Should the governor declare a disaster emergency, how would that affect the operations of the General Assembly?
The executive committee of the Legislative Council, which is made up of the top six leaders of the House and Senate from both parties, met with their top nonpartisan staff Tuesday to find out.
The General Assembly has had a “continuity of operations plan” since 2008, when it statutorily created a quasi-legislative committee on emergency response, now known as the Legislative Emergency Preparedness, Response and Recovery Committee, or LEPRRC.
The plan addresses essential staffing, alternative work locations and communications, according to Sharon Eubanks, director of the Office of Legislative Legal Services.
The response differs depending on whether the legislature is in session or not. There isn’t much that has to be done if lawmakers are out of session, said Natalie Mullis, director of the Legislative Council staff. They would determine who is essential personnel and send everyone else home, she said.
It’s a lot more complicated if lawmakers are in session.
First: what happens to the 120-day timeline? That’s constitutionally mandated, but Eubanks said if the governor declared a disaster emergency, lawmakers could change the calendar. They would still be limited to 120 days, but those days would not have to be consecutive, she said. She also pointed out that a disaster declaration is limited to 30 days, although the governor can extend it.
Were the state Capitol declared uninhabitable, and that’s a declaration that would have to come from the Colorado Department of Public Health and Environment, the first option is to look at alternative locations in the Denver metro area.
Holding electronic sessions, whether it’s meetings of the entire House or Senate, or committee meetings, could be doable but it raises some legal questions, Eubanks said, related to verifying the identity of a lawmaker voting on a bill.
And then there’s what Mullis called “mission critical” work, or bills that must be completed in the event of a disaster. That includes the annual budget bill and the school finance act, but it can also include anything else the leadership believes is critical.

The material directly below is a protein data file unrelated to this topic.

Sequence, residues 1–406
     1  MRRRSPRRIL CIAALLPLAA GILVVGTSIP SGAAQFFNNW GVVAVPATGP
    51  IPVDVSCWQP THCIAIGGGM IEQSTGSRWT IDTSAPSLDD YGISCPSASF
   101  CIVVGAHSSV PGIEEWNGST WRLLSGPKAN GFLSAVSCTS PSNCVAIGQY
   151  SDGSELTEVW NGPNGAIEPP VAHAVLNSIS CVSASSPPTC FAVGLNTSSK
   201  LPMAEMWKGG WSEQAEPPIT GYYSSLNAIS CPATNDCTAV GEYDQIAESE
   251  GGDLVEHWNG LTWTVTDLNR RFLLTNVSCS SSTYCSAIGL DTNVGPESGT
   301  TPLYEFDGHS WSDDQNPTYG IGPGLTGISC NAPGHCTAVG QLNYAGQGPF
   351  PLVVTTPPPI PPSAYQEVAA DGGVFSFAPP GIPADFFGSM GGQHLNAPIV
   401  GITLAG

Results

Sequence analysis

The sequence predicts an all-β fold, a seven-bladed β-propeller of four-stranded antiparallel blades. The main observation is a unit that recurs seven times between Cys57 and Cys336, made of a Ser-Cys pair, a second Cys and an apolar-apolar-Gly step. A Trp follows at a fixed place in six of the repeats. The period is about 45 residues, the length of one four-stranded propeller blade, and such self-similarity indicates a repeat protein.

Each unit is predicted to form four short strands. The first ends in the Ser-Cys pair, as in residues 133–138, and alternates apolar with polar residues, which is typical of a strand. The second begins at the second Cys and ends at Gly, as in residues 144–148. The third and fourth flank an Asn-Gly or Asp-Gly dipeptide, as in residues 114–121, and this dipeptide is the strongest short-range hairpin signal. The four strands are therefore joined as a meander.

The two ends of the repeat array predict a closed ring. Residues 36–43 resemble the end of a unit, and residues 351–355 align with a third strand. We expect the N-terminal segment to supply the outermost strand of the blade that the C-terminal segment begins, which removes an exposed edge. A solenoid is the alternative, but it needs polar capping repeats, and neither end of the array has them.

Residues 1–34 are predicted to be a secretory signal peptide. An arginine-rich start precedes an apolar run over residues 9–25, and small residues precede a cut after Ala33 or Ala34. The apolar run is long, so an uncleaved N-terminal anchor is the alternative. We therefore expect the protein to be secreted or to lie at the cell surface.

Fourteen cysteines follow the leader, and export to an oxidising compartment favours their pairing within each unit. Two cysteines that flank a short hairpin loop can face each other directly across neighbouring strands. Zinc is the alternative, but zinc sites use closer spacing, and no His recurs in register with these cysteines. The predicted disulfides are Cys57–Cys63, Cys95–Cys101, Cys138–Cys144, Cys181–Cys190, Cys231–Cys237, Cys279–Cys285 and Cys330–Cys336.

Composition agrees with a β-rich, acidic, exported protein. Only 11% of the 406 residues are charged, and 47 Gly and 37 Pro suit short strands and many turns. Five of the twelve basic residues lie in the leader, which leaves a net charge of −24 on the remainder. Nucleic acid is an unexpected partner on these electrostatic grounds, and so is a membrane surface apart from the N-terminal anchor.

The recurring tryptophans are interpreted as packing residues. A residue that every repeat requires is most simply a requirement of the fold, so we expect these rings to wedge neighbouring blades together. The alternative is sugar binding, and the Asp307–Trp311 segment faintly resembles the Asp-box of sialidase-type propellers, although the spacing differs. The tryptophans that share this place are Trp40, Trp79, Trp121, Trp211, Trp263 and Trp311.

Lawmakers also could relax some of the rules around electronic participation, which set off a series of questions from House Minority Leader Patrick Neville, R-Castle Rock.
Electronic participation applies to whether meetings and hearings would still be broadcast to the public, but more importantly, how or whether the public would be able to testify on bills. That would be logistically challenging, according to Manish Jani, a deputy director of the Legislative Council who is in charge of the General Assembly’s information technology.
Neville also asked whether there were statutes that could be “relaxed,” particularly those that require people to go to places where they risk being infected, were a disaster taking place during the current outbreak of the COVID-19 virus. (There are no confirmed cases in Colorado, although eight people are currently being tested, according to state officials.)
Senate Minority Leader Chris Holbert, R-Parker, was curious about the governor’s authority in a declared disaster emergency. That included questions about the governor’s ability to suspend or nullify laws, or if the state constitution give the governor the ability to act “with unilateral authority.”
While the answer to that is not complete, Eubanks noted that the governor has the ability to access a disaster emergency fund, which also allows him to tap into reserves. Currently, that’s around $450 million, although only about half of that is liquid, according to Mullis.
The governor also could, if he were running out of money, transfer other funds that are appropriated for other purposes, Eubanks said.
Legislative leaders indicated an interest in putting its LEPRRC group to work on bill priorities, for example. The way the statute was written, they can only meet after there is a disaster declaration. House Majority Leader Alec Garnett, D-Denver, asked that the committee “informally” meet, although it would still be governed by the state’s open meetings law, in order to gather information and review the operations plan.
The meeting was attended by about 25 opponents of Senate Bill 163, the school immunization bill. Opponents told the Denver Post that they will be at the state Capitol this week to protest the bill. However, the executive committee took no action and does not allow public testimony.